Professor Young Awarded Support for Defamation Law Research

Author: UNB Law

Posted on Oct 27, 2016

Category: Faculty

Hilary Young

Prof. Young Awarded Support for Defamation Law Research

Thanks to the gracious support of the Harrison McCain Foundation and the Social Science and Humanities Research Council (SSHRC), UNB Law Prof. Hilary Young will now have access to increased research support for her continued study of defamation law in Canada.

Hilary was awarded The Harrison McCain Young Scholars Award, which provided up to $25,000  to support new or recently hired faculty who have received their highest degree within the last 10 years. With the funds from her Harrison McCain award, Hilary will continue to pursue research in Canadian defamation law, which is in great need of reform to better reflect Charter values and to address the rise of digital communications technologies. She plans to hire research assistants, a student statistician and travel to conferences.

Hilary was also awarded an Insight Development Grant from SSHRC which she will use to conduct research on the concept of “publication” in defamation law. One part looks at the liability of internet intermediaries for user content. (For example, is Facebook liable for user-generated content? Should it be?) Another examines the rule that all repetitions of defamatory statements are new and separate libels. The goal of SSHRC’s Insight Grant program is to build knowledge and understanding about people, societies and the world by supporting research excellence.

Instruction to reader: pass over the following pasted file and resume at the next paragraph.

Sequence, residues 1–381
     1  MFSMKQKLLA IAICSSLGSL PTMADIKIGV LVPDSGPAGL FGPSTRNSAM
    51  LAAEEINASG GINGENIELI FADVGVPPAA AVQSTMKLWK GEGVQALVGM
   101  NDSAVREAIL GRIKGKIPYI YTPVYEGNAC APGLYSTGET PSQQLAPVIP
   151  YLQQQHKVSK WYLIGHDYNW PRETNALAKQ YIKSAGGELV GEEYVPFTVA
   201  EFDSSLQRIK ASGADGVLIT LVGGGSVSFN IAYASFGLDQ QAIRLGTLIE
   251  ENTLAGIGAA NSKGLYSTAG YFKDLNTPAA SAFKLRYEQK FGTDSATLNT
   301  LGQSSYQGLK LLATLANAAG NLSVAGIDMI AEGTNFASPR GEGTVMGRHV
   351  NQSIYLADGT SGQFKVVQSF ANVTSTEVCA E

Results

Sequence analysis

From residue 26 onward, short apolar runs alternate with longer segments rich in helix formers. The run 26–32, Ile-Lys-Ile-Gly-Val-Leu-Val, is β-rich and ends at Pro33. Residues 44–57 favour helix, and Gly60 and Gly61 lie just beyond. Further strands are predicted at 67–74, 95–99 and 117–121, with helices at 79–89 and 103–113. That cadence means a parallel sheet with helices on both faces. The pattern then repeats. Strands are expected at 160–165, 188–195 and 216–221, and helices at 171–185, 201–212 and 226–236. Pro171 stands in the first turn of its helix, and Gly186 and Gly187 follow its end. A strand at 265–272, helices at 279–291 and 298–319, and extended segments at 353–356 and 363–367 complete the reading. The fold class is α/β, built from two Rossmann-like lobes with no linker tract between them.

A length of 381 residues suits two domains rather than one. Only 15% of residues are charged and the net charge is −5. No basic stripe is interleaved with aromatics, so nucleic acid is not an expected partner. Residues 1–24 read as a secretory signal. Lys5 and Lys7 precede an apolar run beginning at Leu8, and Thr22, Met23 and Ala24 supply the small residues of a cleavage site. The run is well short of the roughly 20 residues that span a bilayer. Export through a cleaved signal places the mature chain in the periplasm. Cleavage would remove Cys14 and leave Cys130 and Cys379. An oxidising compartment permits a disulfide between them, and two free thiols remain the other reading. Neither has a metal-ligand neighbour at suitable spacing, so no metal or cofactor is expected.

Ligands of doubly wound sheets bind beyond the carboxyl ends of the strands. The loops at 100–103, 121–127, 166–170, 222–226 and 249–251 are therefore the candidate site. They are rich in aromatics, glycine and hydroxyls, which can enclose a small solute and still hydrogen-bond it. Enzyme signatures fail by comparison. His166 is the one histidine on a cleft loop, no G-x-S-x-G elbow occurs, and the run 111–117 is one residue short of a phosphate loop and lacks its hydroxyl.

“We are very grateful for the generous support of the Harrison McCain Foundation and SSHRC and are proud of Hilary’s achievements and her dedication to research,” says Dean Williamson. “With this additional support, I am confident Hilary will excel in her research while strengthening our faculty and enhancing her reputation as one of Canada’s leading torts scholars.”

Prof. Young joined the faculty in 2012 after teaching at Queen's and the University of Ottawa. She practiced law at Cox & Palmer in Halifax and clerked with Justice Louis LeBel of the Supreme Court of Canada. She teaches Torts, Advanced Torts, Health Law, and a seminar in defamation and privacy law.